Wednesday, June 28, 2006

One of Those Days

Yesterday (June 27), after work I excitedly packed up the car in anticipation of a nice evening of fly fishing. Being able to slip away early today (which is a rarity) made me even more gleeful of the outing ahead (Gleeful in a child's-anticipation-of-Christmas-morning kind of way - a feeling I often get before fishing for some reason). I was to meet up with Dave, a good fishing friend of mine.

As I proceeded down the long road to the river, the sunlight began to dissipate, the sky darkened, and the cotton-ball white clouds became charcoal. Rain of the torrential type soon followed - the silly grin I wore lead way to anger and some profanity. But nothing was going to stop me from wetting my line, and I continued down the long road. Persistance paid off as it was just a passing storm, and the sunlight and cotton-ball clouds began to reappear.

Dave had done some pre-fishing before I arrived, and was now waiting at the access point. He was waterlogged but still high in spirits. We exchanged a few words and a few laughs and proceeded down to the river.

As expected the river was slightly up and slightly stained, but still very fishable. Surprisingly, there were other fisherman where we would rarely see another soul so we continued past them. Stopping at a shallow riffle, Dave immediately had a take and toggled with a small Brown. We stopped by to see Pat, but unfortunately, it wasn't in the mood for hospitality and that did not change for the rest of the evening.

Further downstream is a pool that has been good to me, and I was telling Dave about my past experience with it. The pool was made for trout, but was certainly not made for fishing and I have lost many hours of hand tied flies in its depths. It is strewn with 2 fallen trees, bush and debris and I imagine most fishermen just walk right past it.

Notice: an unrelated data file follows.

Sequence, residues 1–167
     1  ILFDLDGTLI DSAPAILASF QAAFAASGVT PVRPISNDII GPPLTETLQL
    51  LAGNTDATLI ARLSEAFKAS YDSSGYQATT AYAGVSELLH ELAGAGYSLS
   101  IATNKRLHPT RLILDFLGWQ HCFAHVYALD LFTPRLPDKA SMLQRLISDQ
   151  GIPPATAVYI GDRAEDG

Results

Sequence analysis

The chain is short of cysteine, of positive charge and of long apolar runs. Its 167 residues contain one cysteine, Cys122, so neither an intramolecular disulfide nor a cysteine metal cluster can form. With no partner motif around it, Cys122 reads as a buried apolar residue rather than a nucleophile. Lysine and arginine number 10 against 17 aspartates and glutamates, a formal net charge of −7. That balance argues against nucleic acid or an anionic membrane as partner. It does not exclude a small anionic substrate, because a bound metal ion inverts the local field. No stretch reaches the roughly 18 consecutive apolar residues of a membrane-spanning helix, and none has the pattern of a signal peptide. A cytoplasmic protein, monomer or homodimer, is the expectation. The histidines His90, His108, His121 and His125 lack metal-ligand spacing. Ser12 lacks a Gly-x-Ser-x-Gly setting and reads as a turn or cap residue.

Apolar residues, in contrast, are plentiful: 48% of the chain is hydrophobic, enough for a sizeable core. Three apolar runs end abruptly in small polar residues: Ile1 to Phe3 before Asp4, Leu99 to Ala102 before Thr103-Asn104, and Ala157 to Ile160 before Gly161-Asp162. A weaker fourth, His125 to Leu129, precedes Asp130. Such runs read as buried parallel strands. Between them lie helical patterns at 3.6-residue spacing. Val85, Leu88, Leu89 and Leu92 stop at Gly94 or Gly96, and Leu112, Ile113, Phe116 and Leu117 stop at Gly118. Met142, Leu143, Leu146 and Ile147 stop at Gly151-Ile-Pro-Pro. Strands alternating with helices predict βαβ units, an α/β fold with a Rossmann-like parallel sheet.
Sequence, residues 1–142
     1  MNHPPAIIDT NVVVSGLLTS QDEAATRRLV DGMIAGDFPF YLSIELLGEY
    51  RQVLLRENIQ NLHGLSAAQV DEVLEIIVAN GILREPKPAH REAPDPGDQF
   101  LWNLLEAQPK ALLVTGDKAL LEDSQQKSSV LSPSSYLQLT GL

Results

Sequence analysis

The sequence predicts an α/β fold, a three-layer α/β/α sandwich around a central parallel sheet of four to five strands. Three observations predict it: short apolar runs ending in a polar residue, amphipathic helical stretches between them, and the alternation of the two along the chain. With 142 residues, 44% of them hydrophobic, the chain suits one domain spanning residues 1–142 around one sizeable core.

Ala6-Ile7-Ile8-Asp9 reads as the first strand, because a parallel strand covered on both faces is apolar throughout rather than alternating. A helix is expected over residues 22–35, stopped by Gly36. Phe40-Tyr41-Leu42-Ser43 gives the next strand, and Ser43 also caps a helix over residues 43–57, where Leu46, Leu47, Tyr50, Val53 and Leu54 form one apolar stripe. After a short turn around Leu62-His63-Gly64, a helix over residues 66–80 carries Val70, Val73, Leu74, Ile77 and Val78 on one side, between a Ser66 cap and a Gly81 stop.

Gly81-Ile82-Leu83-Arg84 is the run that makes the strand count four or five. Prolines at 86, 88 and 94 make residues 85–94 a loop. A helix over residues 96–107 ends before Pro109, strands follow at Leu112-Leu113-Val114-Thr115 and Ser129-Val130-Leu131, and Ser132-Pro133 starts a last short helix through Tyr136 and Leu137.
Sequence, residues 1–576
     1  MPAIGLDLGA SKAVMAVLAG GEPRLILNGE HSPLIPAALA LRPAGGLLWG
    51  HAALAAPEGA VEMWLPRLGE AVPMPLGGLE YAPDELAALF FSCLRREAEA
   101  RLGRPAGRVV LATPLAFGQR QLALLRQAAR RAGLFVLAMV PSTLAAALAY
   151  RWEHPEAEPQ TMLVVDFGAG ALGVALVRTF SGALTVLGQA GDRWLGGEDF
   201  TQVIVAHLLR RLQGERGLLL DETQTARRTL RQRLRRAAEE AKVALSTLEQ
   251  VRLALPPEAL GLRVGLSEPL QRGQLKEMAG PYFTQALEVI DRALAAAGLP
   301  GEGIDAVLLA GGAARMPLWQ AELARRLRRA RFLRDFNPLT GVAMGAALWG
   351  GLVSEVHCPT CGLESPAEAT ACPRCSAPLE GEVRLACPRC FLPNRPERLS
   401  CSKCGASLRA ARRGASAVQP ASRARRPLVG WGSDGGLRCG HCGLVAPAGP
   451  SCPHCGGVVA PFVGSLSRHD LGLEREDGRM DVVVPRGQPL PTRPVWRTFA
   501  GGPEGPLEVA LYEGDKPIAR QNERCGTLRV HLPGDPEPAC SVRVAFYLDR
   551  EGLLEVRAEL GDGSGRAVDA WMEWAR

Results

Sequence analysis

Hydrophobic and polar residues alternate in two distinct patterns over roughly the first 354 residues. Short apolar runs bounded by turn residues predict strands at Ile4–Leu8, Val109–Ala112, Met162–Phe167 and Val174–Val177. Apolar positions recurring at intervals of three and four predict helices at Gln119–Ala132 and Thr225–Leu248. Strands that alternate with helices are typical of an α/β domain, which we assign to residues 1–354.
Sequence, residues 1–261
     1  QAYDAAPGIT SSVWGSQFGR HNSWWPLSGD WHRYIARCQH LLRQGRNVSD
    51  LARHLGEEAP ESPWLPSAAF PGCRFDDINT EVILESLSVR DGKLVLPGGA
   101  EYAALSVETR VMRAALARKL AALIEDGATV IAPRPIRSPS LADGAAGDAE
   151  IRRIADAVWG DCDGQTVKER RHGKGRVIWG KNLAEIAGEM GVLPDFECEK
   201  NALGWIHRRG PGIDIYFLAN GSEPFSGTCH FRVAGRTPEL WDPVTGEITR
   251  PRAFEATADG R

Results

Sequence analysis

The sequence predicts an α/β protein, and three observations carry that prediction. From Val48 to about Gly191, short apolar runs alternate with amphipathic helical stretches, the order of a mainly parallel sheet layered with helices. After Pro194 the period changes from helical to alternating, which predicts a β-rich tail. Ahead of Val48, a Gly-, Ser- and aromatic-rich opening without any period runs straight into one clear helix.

Dave got the first drift and was once again in a one sided tug of war with a small Brown. I drifted in after him, and found myself in a battle that would bring my blood to the flow of a river after a heavy rain. The Brown Trout used every obstacle in its home to my disadvantage and fought with such ferocity that I was sure it would soon end with tears shed on the bank. I tried not to put on too much pressure, as I ascribe to the theory that it's best to tire a fish slowly in tight, snaggy quarters. After some great runs in attempts to get back home, this feisty brown took a moment to greet us streamside for a picture. It was not a 20 incher, but it sure had the heart of one.

Dave would proceed to land one of similar size in the same pool and another further downstream. Both of us played with a smaller Brown or two along the way.

Satisfied with what the river offered up to us this day, I paused to look around at my surroundings and soak in the moment. The sun was beginning to set behind the layers of cedars and maples, through hues of pink and red sky and a white mist formed over the river and stayed there, as if to protect it from the darkness of night.

It was one of those days where I'm reminded why I spend so much thought, energy, and time in pursuit of not just the fish, but of the whole experience that fishing provides.


Blogger Joe Raff said...

I will be reading your Blog as often as I can.Great stories and pictures.My brother took me down to the creek when I was about ten.String and bobber.Latter in life I started to Fly Fish and tie Flies.Fishing the streams in Pennslyvania.Yellow Breeches ,the Lehigh etc. It's a great sport.

12:32 PM  

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